“Everything looks different when you're older, not staring up at the world but down upon it.”
“Some things you don't have to tell. Some things, between sisters, are understood.”
“At every wedding someone stays home.”
“It’s funny how one summer can change everything.”
“I was tired of hanging on, taking the torn pieces to make something whole with them.”
“She bought seeds and raided nurseries and mulched and composted and spent full days with her hands full of earth, coaxing life our of the dry, dull grass my father had spent years pushing a mower over.”
“He doesn’t love me. He might still love me as I was at fifteen, when I didn’t know any better. When I trusted everyone. I’m not that person any more. He’s just a boy. He was the first to really hurt me, but he’s just a boy. There were a lot of them.”
“The first boy was always the hardest.”
“We can’t be sad about it forever, you know? We’ve got to think back to the good times and just remember them; that’s all we can do. We can’t worry about the past or what happened at the end, any more. I can’t and you can’t.”
“As I stepped out to face myself in the mirror, reaching a hand to smooth away the steam, I saw myself differently. It was as if I had grown again as I slept, but this time just to fit my own size. As if my soul had expanded, filling out the gaps of the height that had burdened me all these months. Like a balloon filling slowly with air, becoming all smooth and buoyant, I felt like I finally fit within myself, edge to edge, every crevice filled.”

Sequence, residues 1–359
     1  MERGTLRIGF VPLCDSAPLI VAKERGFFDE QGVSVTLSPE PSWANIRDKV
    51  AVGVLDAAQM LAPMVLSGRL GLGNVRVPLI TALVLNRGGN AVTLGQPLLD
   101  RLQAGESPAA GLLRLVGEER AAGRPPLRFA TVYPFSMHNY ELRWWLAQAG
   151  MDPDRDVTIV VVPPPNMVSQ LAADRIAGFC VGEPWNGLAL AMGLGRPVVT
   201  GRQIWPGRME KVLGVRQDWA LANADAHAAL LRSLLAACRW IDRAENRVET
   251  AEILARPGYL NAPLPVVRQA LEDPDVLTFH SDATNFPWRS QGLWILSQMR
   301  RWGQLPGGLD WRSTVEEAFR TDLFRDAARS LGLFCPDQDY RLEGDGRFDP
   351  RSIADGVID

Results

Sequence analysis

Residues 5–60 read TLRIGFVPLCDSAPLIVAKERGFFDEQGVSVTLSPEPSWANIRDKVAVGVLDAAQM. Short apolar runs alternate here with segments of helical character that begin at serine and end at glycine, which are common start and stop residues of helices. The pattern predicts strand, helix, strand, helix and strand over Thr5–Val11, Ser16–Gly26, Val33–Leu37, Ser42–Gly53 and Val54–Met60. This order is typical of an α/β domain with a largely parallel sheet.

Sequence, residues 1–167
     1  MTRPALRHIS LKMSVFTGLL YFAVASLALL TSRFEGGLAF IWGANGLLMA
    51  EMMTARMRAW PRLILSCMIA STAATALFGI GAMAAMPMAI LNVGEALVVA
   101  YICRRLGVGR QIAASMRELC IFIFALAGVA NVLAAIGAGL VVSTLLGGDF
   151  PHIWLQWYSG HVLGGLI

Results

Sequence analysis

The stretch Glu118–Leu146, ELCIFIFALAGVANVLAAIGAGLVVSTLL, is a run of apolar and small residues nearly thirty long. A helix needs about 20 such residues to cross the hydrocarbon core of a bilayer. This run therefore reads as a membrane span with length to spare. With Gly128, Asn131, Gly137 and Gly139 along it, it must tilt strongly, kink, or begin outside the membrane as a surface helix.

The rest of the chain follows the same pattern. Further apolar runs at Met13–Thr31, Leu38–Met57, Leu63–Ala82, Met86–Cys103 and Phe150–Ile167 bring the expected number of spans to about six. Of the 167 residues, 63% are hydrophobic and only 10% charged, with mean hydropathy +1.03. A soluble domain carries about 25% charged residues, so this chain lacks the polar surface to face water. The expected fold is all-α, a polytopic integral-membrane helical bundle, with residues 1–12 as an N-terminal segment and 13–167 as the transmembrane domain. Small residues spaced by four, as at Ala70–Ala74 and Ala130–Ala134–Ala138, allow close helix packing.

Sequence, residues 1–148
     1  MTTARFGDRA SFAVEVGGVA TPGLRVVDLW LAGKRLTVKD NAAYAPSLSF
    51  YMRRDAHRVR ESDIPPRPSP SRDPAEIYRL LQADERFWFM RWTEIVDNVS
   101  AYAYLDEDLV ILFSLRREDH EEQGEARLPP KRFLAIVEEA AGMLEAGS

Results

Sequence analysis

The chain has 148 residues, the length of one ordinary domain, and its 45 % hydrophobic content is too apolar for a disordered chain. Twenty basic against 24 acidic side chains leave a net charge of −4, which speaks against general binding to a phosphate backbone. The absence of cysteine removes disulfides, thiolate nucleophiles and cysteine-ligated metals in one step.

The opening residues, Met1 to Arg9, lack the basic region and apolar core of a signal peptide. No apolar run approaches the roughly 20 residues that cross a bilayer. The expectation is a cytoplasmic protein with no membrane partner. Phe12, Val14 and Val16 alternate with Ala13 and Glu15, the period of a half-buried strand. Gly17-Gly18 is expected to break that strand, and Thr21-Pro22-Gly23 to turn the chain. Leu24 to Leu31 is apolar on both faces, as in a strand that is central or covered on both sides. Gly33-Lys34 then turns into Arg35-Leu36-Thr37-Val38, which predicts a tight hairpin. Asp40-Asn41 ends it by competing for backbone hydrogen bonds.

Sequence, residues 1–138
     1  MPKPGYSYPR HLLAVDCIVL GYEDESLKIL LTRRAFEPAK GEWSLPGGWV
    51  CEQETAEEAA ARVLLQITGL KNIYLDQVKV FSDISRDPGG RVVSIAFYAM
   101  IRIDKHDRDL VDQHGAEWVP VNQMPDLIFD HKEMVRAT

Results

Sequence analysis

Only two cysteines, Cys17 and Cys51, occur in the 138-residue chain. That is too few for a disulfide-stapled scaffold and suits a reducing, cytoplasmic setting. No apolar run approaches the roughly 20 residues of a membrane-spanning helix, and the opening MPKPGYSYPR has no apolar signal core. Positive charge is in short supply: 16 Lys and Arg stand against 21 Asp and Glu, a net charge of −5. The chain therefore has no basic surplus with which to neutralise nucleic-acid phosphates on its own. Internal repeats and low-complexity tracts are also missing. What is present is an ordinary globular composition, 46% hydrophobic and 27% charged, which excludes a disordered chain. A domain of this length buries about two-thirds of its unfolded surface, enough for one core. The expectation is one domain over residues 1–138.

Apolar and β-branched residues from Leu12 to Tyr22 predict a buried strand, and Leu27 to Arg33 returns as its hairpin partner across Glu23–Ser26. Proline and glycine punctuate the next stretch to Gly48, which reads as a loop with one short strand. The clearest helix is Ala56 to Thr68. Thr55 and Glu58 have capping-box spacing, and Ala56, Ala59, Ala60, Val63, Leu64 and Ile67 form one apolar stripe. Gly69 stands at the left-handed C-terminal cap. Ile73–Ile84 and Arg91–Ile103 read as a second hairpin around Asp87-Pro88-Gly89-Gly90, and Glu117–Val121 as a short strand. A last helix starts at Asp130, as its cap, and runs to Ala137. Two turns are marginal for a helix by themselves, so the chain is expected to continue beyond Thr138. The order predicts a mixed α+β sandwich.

“A united front announcing a split.”
“I knew it then. For me and her, there wasn’t any time left to think back to that summer and the beach and a boy who charmed us and disappointed us. There was only what stretched out ahead, years full of new summers and promise, with all the time in the world left to start again. My sister, who never understood most of the things I wanted her to, might have been able to understand what had happened to me in this summer of weddings and beginnings. And she was right. The first boy was always the hardest.”